It happened when I did not know it. It happened in the small moments. It happened slowly. And I almost missed it.
I wasn’t looking for it. I was so focused on where my child’s life was going, I didn’t see where mine was headed. There right in front of me was one of the greatest influences of where I am today. And I almost missed it.
In the midst of a bright kindergarten class where my youngest conquered multiplication with ease yet struggled daily as his brain tried to tackle the mystery of this thing everyone called reading, I was the one learning the lessons. And I almost missed it.
Here was a teacher, an observer of all moments in intricate detail that taught me what it means to Know The Child. She taught me to capture complex dialogues, to dissect the complicated relationships, to explore unique learning strategies and to examine the in-depth educational challenges and triumphs of every child. She knew that no detail was insignificant - the small gasps of “Aha”, the giggles of insights and tears of frustration were not to be missed. And I almost missed it.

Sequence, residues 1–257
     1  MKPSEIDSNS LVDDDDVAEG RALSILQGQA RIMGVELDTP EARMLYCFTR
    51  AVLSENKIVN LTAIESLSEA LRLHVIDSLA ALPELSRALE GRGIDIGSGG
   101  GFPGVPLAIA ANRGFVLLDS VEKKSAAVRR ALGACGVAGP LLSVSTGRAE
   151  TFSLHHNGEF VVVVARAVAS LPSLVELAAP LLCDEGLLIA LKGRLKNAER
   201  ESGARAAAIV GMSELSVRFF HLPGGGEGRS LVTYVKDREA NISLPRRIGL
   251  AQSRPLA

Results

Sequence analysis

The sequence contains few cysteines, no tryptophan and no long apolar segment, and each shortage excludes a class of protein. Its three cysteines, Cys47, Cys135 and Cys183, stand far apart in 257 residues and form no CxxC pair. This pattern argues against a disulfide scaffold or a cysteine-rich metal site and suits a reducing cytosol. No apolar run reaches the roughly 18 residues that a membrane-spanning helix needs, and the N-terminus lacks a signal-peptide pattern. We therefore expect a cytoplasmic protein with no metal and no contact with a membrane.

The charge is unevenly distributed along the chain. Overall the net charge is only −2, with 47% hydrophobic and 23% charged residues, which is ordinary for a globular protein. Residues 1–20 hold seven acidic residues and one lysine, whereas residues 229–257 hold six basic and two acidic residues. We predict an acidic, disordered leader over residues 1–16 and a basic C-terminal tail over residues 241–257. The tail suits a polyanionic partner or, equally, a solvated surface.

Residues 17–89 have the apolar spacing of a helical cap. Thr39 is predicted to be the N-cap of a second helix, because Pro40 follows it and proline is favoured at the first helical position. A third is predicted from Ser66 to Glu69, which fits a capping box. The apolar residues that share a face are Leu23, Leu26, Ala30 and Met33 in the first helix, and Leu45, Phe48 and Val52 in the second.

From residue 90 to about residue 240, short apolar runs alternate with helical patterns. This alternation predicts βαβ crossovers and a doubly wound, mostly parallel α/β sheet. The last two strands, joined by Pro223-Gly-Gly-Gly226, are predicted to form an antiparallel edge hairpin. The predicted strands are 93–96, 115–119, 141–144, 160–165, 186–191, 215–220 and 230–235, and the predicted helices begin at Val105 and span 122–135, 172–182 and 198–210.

Those small moments, where with that big smile and twinkling blue eyes, she would tell me a detailed moment of my child’s life. At the class door, in the school hallway, at the grocery store, at the high school theater. In those small moments, she wasn’t giving me details of my child’s life, she was giving my child the world.
In those small moments, I had a great teacher show me what education was about – it was about the details…and I almost missed it…But I didn’t it. Today I stand in my own classroom, capturing those details, and remembering Janet’s twinkling eyes and bright smile and I know...I did not miss it.
Thanks, Janet, for teaching me so much and for loving my child.
You are missed.
Janet Nicholson Smith (1955-2013)